The function of the medial superior olive in small mammals: temporal receptive fields in auditory analysis
J Comp Physiol A 186: 413-23
|Type of Publication:||Journal Articles 1976 - 2000|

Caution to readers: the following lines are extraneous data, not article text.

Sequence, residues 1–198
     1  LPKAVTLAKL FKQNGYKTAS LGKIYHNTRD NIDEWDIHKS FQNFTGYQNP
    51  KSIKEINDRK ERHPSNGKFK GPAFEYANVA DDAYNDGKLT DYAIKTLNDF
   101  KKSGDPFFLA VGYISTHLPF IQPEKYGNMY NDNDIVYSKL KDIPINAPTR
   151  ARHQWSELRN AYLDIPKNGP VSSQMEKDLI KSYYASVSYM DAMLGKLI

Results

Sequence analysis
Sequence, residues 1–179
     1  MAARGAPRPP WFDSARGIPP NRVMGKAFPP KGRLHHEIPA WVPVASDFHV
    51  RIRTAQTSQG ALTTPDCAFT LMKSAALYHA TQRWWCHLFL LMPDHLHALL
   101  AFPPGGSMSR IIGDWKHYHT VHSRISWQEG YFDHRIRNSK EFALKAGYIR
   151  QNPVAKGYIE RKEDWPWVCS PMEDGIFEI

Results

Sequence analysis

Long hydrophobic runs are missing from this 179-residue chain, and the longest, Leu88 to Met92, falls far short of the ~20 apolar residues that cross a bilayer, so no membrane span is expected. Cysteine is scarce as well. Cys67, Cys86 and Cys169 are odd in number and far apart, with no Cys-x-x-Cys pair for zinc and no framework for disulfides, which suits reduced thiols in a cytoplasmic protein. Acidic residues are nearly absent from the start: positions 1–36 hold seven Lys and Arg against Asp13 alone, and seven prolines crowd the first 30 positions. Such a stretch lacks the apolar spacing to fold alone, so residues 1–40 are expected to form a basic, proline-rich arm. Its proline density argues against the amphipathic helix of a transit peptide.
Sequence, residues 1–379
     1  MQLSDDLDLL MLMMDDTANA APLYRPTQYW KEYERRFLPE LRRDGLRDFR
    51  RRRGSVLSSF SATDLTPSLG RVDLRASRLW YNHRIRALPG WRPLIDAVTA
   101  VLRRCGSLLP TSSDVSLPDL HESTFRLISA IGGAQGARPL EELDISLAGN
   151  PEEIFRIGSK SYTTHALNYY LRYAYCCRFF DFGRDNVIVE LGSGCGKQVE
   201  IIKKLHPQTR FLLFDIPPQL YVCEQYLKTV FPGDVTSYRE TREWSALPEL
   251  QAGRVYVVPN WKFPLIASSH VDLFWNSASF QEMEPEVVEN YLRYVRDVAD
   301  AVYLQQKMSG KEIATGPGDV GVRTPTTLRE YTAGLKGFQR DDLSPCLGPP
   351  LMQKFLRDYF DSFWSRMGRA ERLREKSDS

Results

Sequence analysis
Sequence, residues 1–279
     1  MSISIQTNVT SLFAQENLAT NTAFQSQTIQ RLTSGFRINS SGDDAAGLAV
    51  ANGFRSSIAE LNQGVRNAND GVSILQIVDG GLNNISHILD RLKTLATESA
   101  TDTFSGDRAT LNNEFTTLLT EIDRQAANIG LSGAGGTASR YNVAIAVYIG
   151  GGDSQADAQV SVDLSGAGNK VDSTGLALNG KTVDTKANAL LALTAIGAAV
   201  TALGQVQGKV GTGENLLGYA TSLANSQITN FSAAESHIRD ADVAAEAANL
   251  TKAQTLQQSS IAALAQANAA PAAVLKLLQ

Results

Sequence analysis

Traditionally, the medial superior olive, a mammalian auditory brainstem structure, is considered to encode interaural time differences, the main cue for localizing low-frequency sounds. Detection of binaural excitatory and inhibitory inputs are considered as an underlying mechanism. Most small mammals, however, hear high frequencies well beyond 50 kHz and have small interaural distances. Therefore, they can not use interaural time differences for sound localization and yet possess a medial superior olive. Physiological studies in bats revealed that medial superior olive cells show similar interaural time difference coding as in larger mammals tuned to low-frequency hearing. Their interaural time difference sensitivity, however, is far too coarse to serve in sound localization. Thus, interaural time difference sensitivity in medial superior olive of small mammals is an epiphenomenon. We propose that the original function of the medial superior olive is a binaural cooperation causing facilitation due to binaural excitation. Lagging inhibitory inputs, however, suppress reverberations and echoes from the acoustic background. Thereby, generation of antagonistically organized temporal fields is the basic and original function of the mammalian medial superior olive. Only later in evolution with the advent of larger mammals did interaural distances, and hence interaural time differences, became large enough to be used as cues for sound localization of low-frequency stimuli.